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Used car review Volvo C70

Graham 'Smithy' Smith reviews the used Volvo C70: its fine points, its flaws and what to watch for when buying it.

The C70 coupe was one of the first models from Volvo's sexy new era. The severe shapes that characterised previous safe and sound models were softened and smoothed, and one of these models resulted in the 70 series that replaced the old 700s. There was a sedan and a wagon, but the standout was the C70 coupe.

MODEL WATCH

The C70 was the same as its more family-focused siblings from the windscreen forward, but rear of the screen it was all new with sweeping curves, sculpted flanks and bulging wheel arches that combined for a strong powerful stance. Despite its coupe curves, the C70 was still reasonably roomy inside with ample accommodation in the rear for a couple of adults.

The new dash added to the softness of the 70 series, the squared-off lines that had become Volvo's calling card now flowed smoothly and the edges had been softened for a friendlier, more welcoming feel. Inside there was a luxury feel with leather-trimmed seats and woodgrain trim, with a leather-wrapped steering wheel and gear-shift knob.

Then there was the long list of standard features, which included a power sunroof, a superb 10-speaker sound system with CD player and Dolby Surround Pro-Logic, power seats, power windows, cruise, trip computer, airconditioning, dual airbags, side airbags, remote central locking and immobiliser.

Below the surface, Volvo had switched the drive from its traditional rear drive to the more modern front-wheel drive system. For power it used a turbocharged double overhead camshaft five-cylinder engine, which pumped out 176kW of peak power at 5100rpm and maximum torque of 330Nm. It was enough to have it reaching 100km/h in less than seven seconds, and reach a top speed, which was electronically limited to 250km/h.

Buyers could choose between a five-speed manual, which was quite a slick gearbox, or a four-speed auto, which was by far and away the preferred choice by Australians.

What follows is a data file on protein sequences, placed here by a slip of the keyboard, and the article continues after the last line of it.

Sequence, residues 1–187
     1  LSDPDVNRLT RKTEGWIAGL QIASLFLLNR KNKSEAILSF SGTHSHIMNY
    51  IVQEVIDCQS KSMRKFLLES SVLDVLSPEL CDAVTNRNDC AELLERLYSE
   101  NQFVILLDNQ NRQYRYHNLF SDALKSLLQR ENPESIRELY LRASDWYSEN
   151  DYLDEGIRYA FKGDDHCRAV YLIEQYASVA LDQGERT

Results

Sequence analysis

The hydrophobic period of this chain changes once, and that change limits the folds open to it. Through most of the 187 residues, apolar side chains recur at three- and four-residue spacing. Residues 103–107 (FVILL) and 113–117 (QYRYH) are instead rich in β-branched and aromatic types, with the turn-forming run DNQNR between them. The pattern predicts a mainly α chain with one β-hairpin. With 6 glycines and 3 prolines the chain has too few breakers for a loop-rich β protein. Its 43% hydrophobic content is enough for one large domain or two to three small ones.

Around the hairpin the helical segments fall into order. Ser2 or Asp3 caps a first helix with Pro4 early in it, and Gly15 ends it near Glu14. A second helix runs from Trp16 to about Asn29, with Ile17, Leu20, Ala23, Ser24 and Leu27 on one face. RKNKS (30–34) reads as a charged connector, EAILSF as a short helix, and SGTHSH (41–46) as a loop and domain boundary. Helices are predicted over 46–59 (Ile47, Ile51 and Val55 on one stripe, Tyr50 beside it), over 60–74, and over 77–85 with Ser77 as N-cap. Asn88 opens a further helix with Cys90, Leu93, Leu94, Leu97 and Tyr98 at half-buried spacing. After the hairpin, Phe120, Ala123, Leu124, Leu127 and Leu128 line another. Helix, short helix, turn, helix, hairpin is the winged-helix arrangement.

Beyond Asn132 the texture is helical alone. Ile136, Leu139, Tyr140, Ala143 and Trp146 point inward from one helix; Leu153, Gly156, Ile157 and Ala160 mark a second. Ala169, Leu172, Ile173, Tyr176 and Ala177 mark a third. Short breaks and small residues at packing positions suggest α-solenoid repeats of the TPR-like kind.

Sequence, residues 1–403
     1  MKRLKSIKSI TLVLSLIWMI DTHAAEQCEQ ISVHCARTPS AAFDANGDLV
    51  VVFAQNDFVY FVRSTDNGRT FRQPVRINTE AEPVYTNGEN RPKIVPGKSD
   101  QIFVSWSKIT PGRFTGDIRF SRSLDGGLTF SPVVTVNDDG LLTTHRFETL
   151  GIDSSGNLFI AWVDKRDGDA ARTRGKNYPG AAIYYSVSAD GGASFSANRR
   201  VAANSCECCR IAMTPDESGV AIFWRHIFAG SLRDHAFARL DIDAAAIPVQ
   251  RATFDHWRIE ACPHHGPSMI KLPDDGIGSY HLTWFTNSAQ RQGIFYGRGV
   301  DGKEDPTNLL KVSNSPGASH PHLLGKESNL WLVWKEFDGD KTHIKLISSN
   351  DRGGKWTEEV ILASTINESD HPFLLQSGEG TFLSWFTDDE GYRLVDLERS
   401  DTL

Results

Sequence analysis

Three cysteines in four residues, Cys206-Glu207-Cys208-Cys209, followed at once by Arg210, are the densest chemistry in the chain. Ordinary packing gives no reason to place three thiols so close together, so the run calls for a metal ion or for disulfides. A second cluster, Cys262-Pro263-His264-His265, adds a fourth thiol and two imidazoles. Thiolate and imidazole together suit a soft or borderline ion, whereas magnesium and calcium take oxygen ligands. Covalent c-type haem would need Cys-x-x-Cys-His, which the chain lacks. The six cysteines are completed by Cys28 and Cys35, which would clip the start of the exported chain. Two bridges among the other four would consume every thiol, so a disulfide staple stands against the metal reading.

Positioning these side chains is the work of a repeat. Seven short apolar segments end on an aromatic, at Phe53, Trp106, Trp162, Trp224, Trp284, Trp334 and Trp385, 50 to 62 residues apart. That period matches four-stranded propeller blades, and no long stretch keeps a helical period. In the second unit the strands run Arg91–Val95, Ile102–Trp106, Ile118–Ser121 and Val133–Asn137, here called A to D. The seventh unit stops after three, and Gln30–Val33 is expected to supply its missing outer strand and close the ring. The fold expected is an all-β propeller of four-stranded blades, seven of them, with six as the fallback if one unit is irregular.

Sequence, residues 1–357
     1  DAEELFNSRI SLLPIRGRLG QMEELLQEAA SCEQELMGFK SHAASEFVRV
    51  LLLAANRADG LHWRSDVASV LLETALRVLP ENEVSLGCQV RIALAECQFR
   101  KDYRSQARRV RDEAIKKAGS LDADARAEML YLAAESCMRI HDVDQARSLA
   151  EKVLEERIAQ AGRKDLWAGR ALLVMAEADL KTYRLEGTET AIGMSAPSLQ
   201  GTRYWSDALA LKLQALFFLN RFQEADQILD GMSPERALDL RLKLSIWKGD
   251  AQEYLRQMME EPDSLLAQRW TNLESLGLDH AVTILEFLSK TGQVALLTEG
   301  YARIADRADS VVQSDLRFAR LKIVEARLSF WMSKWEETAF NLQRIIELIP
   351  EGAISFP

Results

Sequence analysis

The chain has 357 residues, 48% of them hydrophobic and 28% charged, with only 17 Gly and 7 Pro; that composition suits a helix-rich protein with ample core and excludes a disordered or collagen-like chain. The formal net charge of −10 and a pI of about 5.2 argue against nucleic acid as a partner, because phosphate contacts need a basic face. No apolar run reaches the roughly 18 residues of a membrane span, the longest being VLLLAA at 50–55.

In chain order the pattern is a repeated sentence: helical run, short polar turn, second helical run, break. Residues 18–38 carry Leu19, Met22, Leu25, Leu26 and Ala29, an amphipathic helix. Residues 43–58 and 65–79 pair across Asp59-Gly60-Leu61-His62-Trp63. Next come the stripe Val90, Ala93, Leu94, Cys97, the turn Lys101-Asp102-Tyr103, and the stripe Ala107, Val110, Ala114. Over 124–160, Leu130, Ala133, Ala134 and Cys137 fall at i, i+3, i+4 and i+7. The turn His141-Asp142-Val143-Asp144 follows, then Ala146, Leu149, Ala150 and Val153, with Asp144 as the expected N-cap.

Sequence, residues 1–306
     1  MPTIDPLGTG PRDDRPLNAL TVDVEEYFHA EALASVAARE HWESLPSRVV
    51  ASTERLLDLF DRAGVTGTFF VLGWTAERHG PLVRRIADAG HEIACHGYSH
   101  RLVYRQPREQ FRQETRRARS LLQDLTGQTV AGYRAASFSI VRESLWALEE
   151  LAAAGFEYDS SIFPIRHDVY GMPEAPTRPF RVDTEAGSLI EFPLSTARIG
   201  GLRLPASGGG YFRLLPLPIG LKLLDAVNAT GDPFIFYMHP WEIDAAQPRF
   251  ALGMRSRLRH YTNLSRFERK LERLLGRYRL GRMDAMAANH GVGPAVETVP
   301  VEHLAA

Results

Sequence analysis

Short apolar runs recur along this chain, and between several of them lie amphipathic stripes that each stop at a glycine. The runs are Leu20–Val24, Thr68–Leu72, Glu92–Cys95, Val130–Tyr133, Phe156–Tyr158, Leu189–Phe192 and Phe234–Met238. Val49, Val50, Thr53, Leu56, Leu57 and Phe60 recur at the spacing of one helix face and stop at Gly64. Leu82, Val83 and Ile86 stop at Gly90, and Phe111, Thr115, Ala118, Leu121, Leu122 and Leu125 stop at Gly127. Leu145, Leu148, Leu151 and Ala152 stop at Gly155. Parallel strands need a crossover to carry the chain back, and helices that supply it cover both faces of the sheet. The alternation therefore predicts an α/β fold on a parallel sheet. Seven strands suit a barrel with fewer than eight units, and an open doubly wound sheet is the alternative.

A wider rear track gave the coupe a more stable footprint than its sedan and wagon cousins, and along with some retuning of the suspension, helped make it quite well-balanced on the road after a little turn-in reluctance typical of front-wheel drive cars. Low profile sports tyres provided its grip, while the standard 17-inch alloy wheels finished off its sporty appearance.

IN THE SHOP

Many C70s will be in the hands of second and third owners, some of whom may not appreciate it as its first owner did. The consequences can be a lack of servicing, and with many approaching the 100,000km mark, they will be in need of a cam belt change.

Check the service record, particularly on any car that has passed the 120,000km mark and make sure the belt has been changed.

Inspect potential buys closely for damage to the body and wear inside on the leather trim and select the best available car. Body rattles are a fairly common find, and the plastic rollers in the window winder mechanisms were known to break.

CRUNCH TIME

Dual front and side airbags provide good secondary crash protection, while its agile chassis and powerful disc brakes are designed for crash avoidance. The annual survey of real life crashes showed the C70 to be better than average for occupant protection, but worse when it came to injuring those it hit.

RIVALS

BMW 328i 1997-1999 $24,000-$38,000
Holden Monaro CV6 2001-2002 $27,000-$32,000
Honda Prelude 1997-1998 $15,000-$22,000

RATING

16/20 Good-looking four-seater coupe featuring an impressive level of performance, as well as offering a roomy interior with heaps of comfort.

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